Sub-optimal “knee-jerk” responses to security threats and incidents could be avoided if industry mirrored its successful approach to managing safety issues, says Andrew Herdman, director-general of the Association of Asia Pacific Airlines.

Citing the recent ban on personal electronic devices (PEDs) in the cabin of some flights to the UK and USA as “another case in point”, Herdman says a safety-style approach would instill some much-needed discipline into industry’s approach to security.

“The question is – can we bring some of that discipline and process knowledge into deliberations and formulation of aviation security policy,” Herdman states today on the sidelines of the IATA AGM in Cancun.

“You don’t make new safety initiatives the day after an accident,” he adds. “You analyse the accident and spend a long time before you do it… there’s a whole protocol.”

While Herdman says he understands the pressure faced by authorities to act quickly when a security threat surfaces, he cautions that rushing the response often creates unintended consequences. As an example, he points to the potential safety risk of putting multiple lithium-ion batteries into the hold of an aircraft – a by-product of the UK and US PED bans.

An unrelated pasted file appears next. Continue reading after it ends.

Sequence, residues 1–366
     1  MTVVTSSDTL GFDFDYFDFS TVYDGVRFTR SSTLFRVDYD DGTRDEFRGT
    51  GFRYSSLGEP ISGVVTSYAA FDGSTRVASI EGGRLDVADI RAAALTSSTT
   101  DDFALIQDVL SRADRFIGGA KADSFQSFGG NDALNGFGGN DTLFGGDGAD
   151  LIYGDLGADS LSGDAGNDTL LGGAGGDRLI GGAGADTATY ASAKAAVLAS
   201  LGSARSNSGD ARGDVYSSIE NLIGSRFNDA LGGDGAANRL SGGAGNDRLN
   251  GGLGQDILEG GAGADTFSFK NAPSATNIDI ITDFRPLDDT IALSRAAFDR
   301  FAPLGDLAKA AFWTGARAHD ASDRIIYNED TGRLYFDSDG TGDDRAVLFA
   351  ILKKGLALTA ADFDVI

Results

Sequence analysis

“After something bad happens, make a list of things you could do but think very carefully before you implement them,” he suggests. “And assess what the system impact is while examining what the alternatives are.”

Herdman also questions the effectiveness of individual countries introducing new security measures in an industry that is inherently connected on a global level.

“Aviation security is not a matter for individual governments – that’s not the way the system works,” he says. “It’s a global system that’s all integrated, so aviation security is everyone’s responsibility. Governments need to work together multilaterally through ICAO, or other forms of multilateral process [when deciding] what’s the appropriate thing to do in response to new threats.”

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Source: Cirium Dashboard